• 2 Initiated and hosted the webtooy project; a desktop client application for many Web 2.0 services with open APIs. Originally hosted at then moved to
  • 9. Lessons Learnt - 1: Students perspectives
    • Students said:
    • - Very interesting experience
    • - Realistic conditions
    • - Found something new, projects, software, etc.
    • - Experiencing dual-boot (Linux-Windows)
    • - Know the people behind their software and 'talk' to them
    • - Freedom, work when and wherever they want
    • - Select their own choice of learning, project
    • - See their contribution appreciated and online in projects
    • - Encouragement from people they don't know
    • For some student:
    • - Finding an interesting project was hard
    • - Software was not running as expected
    • - Community was not responsive.
    • - Anxiety syndrome: “will I get good grades?”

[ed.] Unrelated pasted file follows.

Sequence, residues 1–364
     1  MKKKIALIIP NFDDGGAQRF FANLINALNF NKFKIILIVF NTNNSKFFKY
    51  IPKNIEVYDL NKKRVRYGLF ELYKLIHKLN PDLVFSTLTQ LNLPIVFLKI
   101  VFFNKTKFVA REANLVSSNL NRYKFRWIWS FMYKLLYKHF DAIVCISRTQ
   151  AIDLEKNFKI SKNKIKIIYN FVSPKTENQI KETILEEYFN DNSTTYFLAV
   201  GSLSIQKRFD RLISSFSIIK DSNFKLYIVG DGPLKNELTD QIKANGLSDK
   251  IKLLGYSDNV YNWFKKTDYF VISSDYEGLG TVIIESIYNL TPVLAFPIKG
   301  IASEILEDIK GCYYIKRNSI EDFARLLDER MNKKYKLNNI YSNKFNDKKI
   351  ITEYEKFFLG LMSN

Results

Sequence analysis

• - Extra effort needed before starting.
    • For us running the pilots:
    • Discovered and Learnt new software, projects, skills
    • Dealing with large number of emails or queries
    • Spending considerable time online as “Internet-Based Facilitators” or IBFs
  • 10.
        • Perspectives from the FLOSScom Project
    • The NetGeners.Net study is another kind of pilot study championed by the FLOSScom project
  • 11.
    • Information & Resources:
    • FLOSScom Project:
    • NetGeners:
    • Pilot Studies, ELMS:
      • Andreas Meiszner, Rüdiger Glott, Sulayman K. Sowe (2008). Free/Libre Open Source Software (FLOSS) Communities as an Example of successful Open Participatory Learning Ecosystems. UPGRADE, The European Journal for the Informatics Professional.
      • Andreas Meiszner, Rüdiger Glott, Sulayman K. Sowe (2008). Preparing the Ne(x)t Generation: Lessons learnt from Free/Libre Open Source Software. In 4th International Barcelona Conference on Higher Education: Vol. 2. Knowledge technologies for social transformation.
      • Sulayman K. Sowe. I. Stamelos (2008). Involving Software Engineering Students in Open Source Software Projects: Experiences from a Pilot Study, Journal of Information Systems Education (JISE), Vol. 18 (4), pp: 425-435.
      • More references available from the authors.
    • Thank you for your kind attention !
    • Questions? Comments? Suggestions?